The argument that we ought to resist the "clickable classroom" just as we have resisted (or outlived) the insertion of television into the classroom is based on what may be a false analogy. Television is consummately rhetorical, but its rhetoric is a popular and a narrative one. It has never supported a community of discourse in which scholarly inquiry is conducted. Teaching academic discourse (if we agree with Bartholomae that this is what we should be doing) does not require us to teach students to conduct inquiry via television.
Hypertext is something else again. Electonic publishing has clearly begun to take over the functions of print as a scholarly knowledge-making element. If hypertext proves reasonably friendly to argumentative rhetoric, it may quickly follow the linear electronic document from the margins to the centre of academic discourse. Therefore we can't banish it, any more than Plato could banish writing from philosophy. We have to learn how to teach students to stay afloat in the electronic sea of discourse, just as we have been learning how to teach students to stay afloat on what to them is the somewhat alien medium of print academic discourse.
One thing that we will have to figure out how to do is to show them how to resist the urge to channel-surf. George Landow suggests that hypertext will automatically make students more active learners because it is impossible not to be active while following and creating links to widely dispersed data. He also claims that it is a fertile space for implicit learning, especially of "ill-structured knowledge domains" which are best explored in a criss-cross rather than linear manner. "The ways in which hypertext produces an active student make writers on the medium, like David H. Jonassen and R. Scott Grabinger, urge that 'hypermedia learning systems will place more responsibility on the learner for accessing, sequencing and deriving meaning from the information.'" (Hypermedia 121)
I think, though, that Landow is indulging in magical thinking if he thinks that this will happen automatically. The need for speed in the new media may well overwhelm our students with links to ill-digested data unless we find ways to help them turn that data into meaning.
This means much more than merely learning how to use the technology efficiently, as is recommended by writers such as Lemke and Barnes. Readers used to print typically become disoriented in hypertext or try to read it in too linear a fashion, failing to exploit the associational links it provides. But this is a transitional problem that can be remedied with simple procedural instructiion and will become less serious as hypertext becomes a much more common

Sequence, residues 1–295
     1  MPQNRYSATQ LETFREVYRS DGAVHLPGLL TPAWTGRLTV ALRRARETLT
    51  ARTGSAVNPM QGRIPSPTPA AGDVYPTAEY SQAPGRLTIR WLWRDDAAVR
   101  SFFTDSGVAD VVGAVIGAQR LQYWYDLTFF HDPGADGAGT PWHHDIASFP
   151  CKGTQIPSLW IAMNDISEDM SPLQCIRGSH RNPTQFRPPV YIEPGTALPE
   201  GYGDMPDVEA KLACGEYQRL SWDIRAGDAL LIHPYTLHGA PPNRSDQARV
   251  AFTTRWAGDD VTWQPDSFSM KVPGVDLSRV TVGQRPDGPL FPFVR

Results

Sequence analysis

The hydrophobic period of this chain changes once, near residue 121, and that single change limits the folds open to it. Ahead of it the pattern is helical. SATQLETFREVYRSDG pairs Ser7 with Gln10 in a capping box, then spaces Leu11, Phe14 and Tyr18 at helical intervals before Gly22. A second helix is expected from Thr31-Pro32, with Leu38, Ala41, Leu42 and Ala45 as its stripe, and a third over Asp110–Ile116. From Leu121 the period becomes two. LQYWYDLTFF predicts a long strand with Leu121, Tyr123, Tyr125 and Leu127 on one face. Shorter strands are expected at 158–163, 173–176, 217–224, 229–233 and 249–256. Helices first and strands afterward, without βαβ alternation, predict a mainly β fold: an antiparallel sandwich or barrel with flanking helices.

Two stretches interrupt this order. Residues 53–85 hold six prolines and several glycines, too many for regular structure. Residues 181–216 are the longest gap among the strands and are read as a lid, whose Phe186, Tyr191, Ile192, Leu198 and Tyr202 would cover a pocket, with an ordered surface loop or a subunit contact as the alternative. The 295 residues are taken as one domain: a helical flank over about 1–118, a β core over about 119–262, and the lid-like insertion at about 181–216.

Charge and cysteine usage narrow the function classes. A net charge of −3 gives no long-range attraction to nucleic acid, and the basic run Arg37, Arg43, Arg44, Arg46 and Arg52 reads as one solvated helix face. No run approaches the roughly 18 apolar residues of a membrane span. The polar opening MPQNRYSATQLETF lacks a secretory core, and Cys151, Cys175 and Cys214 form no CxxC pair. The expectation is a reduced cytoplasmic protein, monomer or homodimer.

I am more concerned about the opposite extreme: students who have made the transition from print to electronic space so efficiently that they can surf magificently but have forgotten discipline. Heim argues that the key to navigating electronic text also includes the ability to slow down, to create and follow arguments with rational contemplation, to "indwell" in other people's ideas despite the ability to surf off to another person's ideas as soon as one encounters a link. Students need to learn to use the web (or whatever technology supercedes it next week) as a web of knowledge, not a cloud of data and cool sites.to surf.
For me, this means learning to use hypertext in pursuit of a goal or in the conduct of a task. People channel-surf or web-surf when they are idly looking for something interesting. When they are trying to find out something, the surfing stops and disciplined reading begins.
Even when surfing stops, "gold-panning" may begin. Readers swoosh around the sand and water until they find a nugget, then immediately rush off with it without exploring further to find out what more might be in the pan. Reading tasks must be designed to encourage exploration, with ample time allowed to reflect upon what has been found. Possibly recursive tasks are one way to do this: students find, read, compare, then go back and read again in light of the discussion, deepening their understanding of other views and gradually coming to "indwell" rather than skipping off the surface.
Reading tasks must also be integrated with writing tasks in order to provide flexible tools that encourage a hypertext literacy promotes indwelling, not websurfing.
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